After nearly four years of failing to provide meaningful oversight of the Iraq war, it is no wonder that the newly Democratic Congress is eager to make up for lost time. Congressional proposals for reversing the course of the war are flying fast and furious. They include Sen. Barack Obama’s call for a drawdown by May 2007 and a complete withdrawal by the end of March 2008, and various suggestions to amend the original authorization for the Iraq war to limit the troops to peacekeeping and fighting al-Qaida.
Given the Bush administration’s generally disastrous conduct of the Iraq war and occupation, and its unrivalled claims of unilateral executive war powers, these reassertions of congressional authority are understandable. But are they constitutional? And are they wise?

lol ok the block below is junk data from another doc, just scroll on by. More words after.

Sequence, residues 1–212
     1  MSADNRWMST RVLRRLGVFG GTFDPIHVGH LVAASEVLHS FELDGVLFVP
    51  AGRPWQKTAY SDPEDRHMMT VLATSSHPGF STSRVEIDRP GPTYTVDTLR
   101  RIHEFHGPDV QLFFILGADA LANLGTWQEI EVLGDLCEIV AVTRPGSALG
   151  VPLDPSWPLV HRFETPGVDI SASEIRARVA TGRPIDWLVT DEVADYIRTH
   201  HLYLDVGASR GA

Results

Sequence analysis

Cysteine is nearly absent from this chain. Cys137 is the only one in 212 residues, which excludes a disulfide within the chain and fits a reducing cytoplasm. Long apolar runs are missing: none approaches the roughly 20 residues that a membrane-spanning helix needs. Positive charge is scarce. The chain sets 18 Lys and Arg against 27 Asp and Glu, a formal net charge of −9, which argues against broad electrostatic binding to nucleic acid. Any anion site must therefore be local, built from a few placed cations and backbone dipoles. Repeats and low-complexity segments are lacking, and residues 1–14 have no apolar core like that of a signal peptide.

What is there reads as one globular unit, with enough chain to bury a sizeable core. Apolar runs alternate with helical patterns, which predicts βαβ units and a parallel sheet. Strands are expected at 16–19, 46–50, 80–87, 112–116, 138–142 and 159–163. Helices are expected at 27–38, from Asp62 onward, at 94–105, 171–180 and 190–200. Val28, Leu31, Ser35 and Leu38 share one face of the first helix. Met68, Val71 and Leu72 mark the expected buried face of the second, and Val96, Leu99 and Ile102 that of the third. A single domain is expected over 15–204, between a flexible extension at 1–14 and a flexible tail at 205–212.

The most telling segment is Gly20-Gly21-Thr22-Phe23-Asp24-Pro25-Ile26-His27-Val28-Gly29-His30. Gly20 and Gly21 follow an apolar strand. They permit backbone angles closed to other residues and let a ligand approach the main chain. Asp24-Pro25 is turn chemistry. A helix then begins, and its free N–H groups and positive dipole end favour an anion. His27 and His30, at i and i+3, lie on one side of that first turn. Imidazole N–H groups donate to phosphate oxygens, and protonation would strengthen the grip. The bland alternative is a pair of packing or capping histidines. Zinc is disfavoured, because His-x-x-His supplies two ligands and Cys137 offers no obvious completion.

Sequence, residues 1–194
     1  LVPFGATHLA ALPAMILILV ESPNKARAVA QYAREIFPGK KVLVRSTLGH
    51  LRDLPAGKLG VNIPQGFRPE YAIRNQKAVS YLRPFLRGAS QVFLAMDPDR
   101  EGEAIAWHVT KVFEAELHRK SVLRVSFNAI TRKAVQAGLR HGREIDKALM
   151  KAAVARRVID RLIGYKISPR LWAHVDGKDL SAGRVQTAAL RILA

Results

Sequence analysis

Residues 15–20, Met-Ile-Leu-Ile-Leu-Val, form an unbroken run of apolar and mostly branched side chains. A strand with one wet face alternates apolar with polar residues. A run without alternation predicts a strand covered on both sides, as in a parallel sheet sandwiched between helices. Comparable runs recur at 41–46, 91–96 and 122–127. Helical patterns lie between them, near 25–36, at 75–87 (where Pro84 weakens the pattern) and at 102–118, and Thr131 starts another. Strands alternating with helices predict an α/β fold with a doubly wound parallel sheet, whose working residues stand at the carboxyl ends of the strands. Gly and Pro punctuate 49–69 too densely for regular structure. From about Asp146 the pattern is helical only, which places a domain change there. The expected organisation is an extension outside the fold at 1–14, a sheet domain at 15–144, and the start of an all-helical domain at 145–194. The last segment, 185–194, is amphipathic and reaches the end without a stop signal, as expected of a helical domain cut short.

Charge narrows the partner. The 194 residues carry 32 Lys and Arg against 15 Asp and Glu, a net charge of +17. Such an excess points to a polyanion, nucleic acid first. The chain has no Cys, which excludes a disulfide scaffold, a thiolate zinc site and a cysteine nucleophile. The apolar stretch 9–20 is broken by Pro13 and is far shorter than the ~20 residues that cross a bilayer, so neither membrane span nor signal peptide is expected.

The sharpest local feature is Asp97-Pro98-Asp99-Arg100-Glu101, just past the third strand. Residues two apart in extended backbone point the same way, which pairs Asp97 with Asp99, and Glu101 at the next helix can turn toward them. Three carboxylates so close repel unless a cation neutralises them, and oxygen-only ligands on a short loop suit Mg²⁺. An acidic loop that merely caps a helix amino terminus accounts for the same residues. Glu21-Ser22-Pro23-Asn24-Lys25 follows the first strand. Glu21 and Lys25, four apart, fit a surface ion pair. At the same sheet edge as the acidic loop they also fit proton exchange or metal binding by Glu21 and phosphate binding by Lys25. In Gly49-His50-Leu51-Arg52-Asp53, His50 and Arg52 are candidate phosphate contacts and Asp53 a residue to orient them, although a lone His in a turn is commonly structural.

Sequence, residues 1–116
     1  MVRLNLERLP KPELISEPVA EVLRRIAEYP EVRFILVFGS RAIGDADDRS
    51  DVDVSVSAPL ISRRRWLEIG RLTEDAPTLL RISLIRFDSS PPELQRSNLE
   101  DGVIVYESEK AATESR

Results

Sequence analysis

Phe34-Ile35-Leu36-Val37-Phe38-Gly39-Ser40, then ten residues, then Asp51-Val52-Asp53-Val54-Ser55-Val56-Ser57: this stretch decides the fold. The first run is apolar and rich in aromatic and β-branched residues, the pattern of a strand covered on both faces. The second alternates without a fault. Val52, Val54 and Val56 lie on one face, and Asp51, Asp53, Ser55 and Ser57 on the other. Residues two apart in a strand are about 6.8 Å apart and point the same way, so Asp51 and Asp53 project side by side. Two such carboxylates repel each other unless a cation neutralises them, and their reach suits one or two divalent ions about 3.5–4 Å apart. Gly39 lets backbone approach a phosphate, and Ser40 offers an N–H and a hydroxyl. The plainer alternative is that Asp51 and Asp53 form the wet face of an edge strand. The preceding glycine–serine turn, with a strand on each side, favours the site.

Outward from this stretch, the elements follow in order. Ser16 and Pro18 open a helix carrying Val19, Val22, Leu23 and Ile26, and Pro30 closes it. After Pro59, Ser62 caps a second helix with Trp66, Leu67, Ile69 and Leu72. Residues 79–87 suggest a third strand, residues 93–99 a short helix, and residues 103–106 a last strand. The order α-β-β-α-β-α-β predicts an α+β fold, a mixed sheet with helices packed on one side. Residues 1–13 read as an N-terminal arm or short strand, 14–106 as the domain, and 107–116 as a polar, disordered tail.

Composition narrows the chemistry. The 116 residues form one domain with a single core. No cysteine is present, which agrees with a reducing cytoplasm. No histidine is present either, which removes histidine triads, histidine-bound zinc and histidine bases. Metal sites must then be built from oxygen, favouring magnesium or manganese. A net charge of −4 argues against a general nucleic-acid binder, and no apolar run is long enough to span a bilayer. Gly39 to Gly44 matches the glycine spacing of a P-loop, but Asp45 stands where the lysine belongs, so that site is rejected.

The Constitution gives Congress the power to declare wars, fund them, and oversee the way they are fought. Yet the Constitution never says exactly how these powers are to be reconciled with the president’s authority as commander in chief. The Constitution surely must empower the president to fight wars effectively enough to win them. That means that war must be conducted under the president’s direction, not run by committee. In the modern era, no country—not even a parliamentary democracy—has been so foolhardy as to place a war under the guidance of a legislative body, rather than a single, unified command.
Noah Feldman is Cecelia Goetz Professor of Law at New York University and a senior adjunct fellow at the Council on Foreign Relations. Samuel Issacharoff is Bonnie and Richard Reiss Professor of Constitutional Law at the New York University School of Law.